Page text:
In June of 2015, at the World Team Trials in Madison, WI, Burroughs defeated four-time NCAA Champion Kyle Dake in two straight matches to make his fifth World/Olympic Team in a row. On September 12, in Las Vegas, Nevada went on to win his third World Championship. There have only been two American wrestlers to ever win 3 or more world championships, and this victory put him in very elite company.
In 2016, Jordan qualified for his second Olympic Games in Rio, Brazil. After being ranked No. 1 in the world and heavily favored to repeat as Olympic champion in 2016, Burroughs was beaten twice and failed to medal. For the first time in his international career, he would leave a tournament without being on the podium.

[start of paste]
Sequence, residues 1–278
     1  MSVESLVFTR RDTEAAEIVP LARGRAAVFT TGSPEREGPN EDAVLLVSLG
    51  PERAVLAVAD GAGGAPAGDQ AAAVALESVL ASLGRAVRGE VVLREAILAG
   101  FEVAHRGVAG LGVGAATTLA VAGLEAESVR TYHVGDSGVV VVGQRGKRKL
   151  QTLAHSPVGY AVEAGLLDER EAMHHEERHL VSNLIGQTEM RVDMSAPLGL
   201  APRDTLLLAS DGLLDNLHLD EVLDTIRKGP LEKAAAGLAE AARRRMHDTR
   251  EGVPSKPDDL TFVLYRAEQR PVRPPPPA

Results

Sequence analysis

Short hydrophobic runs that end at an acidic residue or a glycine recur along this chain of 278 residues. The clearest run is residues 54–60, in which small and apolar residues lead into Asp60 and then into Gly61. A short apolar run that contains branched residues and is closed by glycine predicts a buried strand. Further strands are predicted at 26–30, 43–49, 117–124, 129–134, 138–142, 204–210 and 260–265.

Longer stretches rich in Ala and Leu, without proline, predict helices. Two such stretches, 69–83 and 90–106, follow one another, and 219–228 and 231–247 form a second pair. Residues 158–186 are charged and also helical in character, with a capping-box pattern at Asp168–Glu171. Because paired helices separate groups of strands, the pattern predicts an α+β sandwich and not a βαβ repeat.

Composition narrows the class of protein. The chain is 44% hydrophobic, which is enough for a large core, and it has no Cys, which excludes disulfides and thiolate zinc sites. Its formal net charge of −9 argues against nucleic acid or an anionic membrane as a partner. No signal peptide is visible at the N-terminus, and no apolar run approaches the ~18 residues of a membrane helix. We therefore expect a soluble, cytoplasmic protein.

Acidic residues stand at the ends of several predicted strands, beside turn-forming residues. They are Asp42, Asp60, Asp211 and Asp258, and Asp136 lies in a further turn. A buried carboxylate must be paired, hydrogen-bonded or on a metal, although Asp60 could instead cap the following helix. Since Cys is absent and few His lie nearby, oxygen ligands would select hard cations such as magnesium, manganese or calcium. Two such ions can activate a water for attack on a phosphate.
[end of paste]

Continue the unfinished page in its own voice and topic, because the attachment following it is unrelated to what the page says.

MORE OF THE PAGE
In 2017, Jordan Burroughs' path to redemption was complete. The Winslow Township product won his fourth World Championship on to go along with a 2012 Olympic gold medal by capturing the 74 kg title in Paris, one year after being eliminated from the Olympic Games in Rio without a medal. Burroughs joined Bruce Baumgarner with five titles and is now one away from the U.S. record held by John Smith, who won four worlds and two Olympic crowns. Burroughs helped the U.S. win the team title in men’s freestyle for the first time since 1995, as the Americans finished with 54 team points, edging Russia by one.
In 2018 Jordan qualified once again for the World Championships, making his 8th Freestyle Wrestling U.S. World Team in a row. Competing in Budapest, Hungary, Burroughs came away with a bronze medal, bring his total tally to seven World or Olympic medals, tying American legend Dave Schultz for second most medals in U.S. history.